It all started when the international movement of goods met the Covid-19 pandemic. First, individual plants came to a standstill, preventing urgently needed goods from entering circulation. Container ships could not be utilized to capacity, and deliveries were delayed. By the time production resumed, at least in China, the virus had already reached the shipment hubs. Freight forwarders, ports and customs authorities could only operate at a much-diminished capacity, if at all. Employees were absent due to illness, seamen and dockworkers often had to go into quarantine, and the movement of goods could not flow freely. There were times when important overseas ports had to be closed and cordoned off for days on end. Due to these uncertainties, existing capacities at the shipping companies were reduced so as not to leave shippers with unused capacities and spiraling costs.
Once uncertainty about the course of the pandemic had somewhat subsided in early 2021, the chaos in the global flow of goods really kicked in. As a result of lockdowns and working from home, there was a growing need to make home improvements and pursue a more sustainable lifestyle. After a lull of several months, consumption suddenly went crazy, at least in industrialized countries, and the solar industry was no exception.
Many stakeholders in Germany report a lucrative first half of the year. But shipping companies and freight forwarders had scaled back their capacities and were not prepared for a rapid increase in the volume of goods. In addition, many service providers and government agencies were still not operating at normal capacity. Within a short period, demand for transport far outstripped supply. Cargo ships were backed up outside ports, and as a result, turnaround times in the international flow of goods also increased by 20% to 30% compared to pre-pandemic levels.
The bottom line is that too many goods are waiting on too few ships worldwide, and logistics chains are not functioning as they should. As a result, freight rates have exploded since last fall. Whereas a container of sea freight from China to Rotterdam cost roughly $1,500 to $2,000 before the pandemic, prices have now skyrocketed to $15,000 to $18,000. In terms of module capacity, the freight component has increased tenfold from the previous level of around €0.004-€0.006/W, up to €0.05-€0.06/W. Transport costs thus no longer account for just 2% of the total price, but up to 20%.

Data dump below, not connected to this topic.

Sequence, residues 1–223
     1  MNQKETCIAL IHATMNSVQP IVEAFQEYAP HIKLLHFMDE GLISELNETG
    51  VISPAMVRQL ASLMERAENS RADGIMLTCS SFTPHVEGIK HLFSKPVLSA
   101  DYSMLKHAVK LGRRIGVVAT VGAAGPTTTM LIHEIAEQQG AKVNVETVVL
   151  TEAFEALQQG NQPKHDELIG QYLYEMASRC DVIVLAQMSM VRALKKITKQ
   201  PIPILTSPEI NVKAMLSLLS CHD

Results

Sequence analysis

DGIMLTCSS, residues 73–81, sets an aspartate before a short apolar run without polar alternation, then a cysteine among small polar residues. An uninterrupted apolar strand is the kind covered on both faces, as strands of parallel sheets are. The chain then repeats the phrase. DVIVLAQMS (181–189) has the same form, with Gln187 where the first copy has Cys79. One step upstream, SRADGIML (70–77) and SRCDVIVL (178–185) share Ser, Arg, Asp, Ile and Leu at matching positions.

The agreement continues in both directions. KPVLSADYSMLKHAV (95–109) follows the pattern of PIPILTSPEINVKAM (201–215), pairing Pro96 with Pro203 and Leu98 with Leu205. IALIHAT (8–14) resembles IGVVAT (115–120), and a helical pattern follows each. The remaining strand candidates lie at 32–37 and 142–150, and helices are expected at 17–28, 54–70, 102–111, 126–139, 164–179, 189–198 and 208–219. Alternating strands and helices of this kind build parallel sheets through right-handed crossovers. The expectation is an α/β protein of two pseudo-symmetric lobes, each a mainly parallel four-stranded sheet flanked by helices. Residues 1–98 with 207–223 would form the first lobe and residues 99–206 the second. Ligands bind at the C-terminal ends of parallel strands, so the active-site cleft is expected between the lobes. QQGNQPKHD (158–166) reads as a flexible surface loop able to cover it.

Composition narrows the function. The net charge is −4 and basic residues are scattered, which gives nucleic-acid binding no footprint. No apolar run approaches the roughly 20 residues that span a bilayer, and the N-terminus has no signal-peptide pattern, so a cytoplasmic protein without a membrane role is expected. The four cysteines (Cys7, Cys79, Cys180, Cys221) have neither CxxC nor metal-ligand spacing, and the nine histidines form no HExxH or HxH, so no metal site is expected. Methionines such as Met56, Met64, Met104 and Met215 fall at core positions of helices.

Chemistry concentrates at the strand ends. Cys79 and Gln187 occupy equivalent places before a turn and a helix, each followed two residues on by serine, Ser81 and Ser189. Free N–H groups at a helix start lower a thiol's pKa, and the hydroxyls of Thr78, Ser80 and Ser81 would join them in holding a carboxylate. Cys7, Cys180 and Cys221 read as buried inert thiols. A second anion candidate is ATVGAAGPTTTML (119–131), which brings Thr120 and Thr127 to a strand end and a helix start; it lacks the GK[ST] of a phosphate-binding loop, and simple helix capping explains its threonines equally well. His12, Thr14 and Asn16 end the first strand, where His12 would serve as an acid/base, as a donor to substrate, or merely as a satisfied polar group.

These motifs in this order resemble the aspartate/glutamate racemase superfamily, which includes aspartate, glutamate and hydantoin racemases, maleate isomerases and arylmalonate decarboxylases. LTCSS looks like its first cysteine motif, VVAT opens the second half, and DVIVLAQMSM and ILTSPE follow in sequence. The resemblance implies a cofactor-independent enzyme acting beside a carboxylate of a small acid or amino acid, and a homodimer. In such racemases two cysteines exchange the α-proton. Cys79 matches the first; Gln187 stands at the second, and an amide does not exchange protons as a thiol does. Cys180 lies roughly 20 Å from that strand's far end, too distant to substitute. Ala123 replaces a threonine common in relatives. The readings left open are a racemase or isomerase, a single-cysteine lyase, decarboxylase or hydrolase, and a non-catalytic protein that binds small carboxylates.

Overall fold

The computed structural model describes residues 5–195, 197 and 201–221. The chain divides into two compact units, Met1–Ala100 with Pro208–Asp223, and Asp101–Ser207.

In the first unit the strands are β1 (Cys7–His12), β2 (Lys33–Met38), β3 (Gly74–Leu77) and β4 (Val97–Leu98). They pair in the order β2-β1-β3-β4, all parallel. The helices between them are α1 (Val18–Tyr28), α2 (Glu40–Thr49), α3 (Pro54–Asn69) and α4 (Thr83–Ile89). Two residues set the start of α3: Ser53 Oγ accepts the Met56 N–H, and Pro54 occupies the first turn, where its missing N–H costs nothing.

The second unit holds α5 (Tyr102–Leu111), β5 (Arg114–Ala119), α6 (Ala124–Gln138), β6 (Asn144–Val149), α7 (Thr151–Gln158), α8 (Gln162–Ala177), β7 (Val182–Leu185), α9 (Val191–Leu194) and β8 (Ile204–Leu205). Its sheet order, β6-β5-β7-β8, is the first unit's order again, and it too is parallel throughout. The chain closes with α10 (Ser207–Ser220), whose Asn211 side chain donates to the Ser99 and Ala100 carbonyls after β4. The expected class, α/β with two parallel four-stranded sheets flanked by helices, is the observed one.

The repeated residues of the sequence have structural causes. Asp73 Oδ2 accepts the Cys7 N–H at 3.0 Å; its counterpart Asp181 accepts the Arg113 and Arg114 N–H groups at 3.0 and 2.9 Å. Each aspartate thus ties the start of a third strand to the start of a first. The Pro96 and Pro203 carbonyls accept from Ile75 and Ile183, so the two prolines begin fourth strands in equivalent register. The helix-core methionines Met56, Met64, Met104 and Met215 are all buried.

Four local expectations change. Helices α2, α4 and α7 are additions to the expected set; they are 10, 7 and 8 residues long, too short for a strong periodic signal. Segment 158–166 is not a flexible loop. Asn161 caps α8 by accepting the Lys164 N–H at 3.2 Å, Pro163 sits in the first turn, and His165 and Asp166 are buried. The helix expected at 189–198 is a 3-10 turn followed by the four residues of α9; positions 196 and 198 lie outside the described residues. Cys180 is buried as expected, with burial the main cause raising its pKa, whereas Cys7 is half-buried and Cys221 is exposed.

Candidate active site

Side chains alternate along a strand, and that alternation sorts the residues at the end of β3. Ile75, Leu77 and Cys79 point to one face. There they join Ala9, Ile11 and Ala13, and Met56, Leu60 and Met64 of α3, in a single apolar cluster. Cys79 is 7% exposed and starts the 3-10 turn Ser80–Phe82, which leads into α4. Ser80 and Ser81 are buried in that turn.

Chinese manufacturers were quick to realize that such expensive products no longer sell well in Europe. In some cases, delivery quantities are being dialed back, and in others deadlines are being delayed until an affordable carrier can be found. The latest trick, however, is the attempt to pass on the freight risk for future deliveries to the buyer. Goods are no longer offered with the standard CIF/FCA Rotterdam or DDP Incoterms, delivery-inclusive to the building site or warehouse, but instead EXW or FOB – that is, ex-works or to the containership. This means that price increases for transport are fully borne by the customer, making it difficult or impossible to calculate the purchase price reliably or set a binding delivery date.
The concern is that few end customers will accept this uncertainty. For this reason, I strongly advise against accepting such contractual terms, at least as long as the freight traffic situation is so unpredictable. High transport costs permeate the entire value chain. Steadily rising prices for raw materials and semifinished goods are eroding the margins of manufacturers and retailers. When these costs are passed on to consumers, they fuel inflation. This is a vicious cycle that we can probably only break by increasing local value creation and reducing international freight traffic.
About the author
Martin Schachinger has been active in renewable energy for more than 20 years. In 2004, he founded the online trading platform pvXchange.com, where wholesalers, installers, and service companies can purchase standard components, solar modules, and inverters that are no longer manufactured, but are still urgently needed to repair defective PV systems.
Source: pv magazine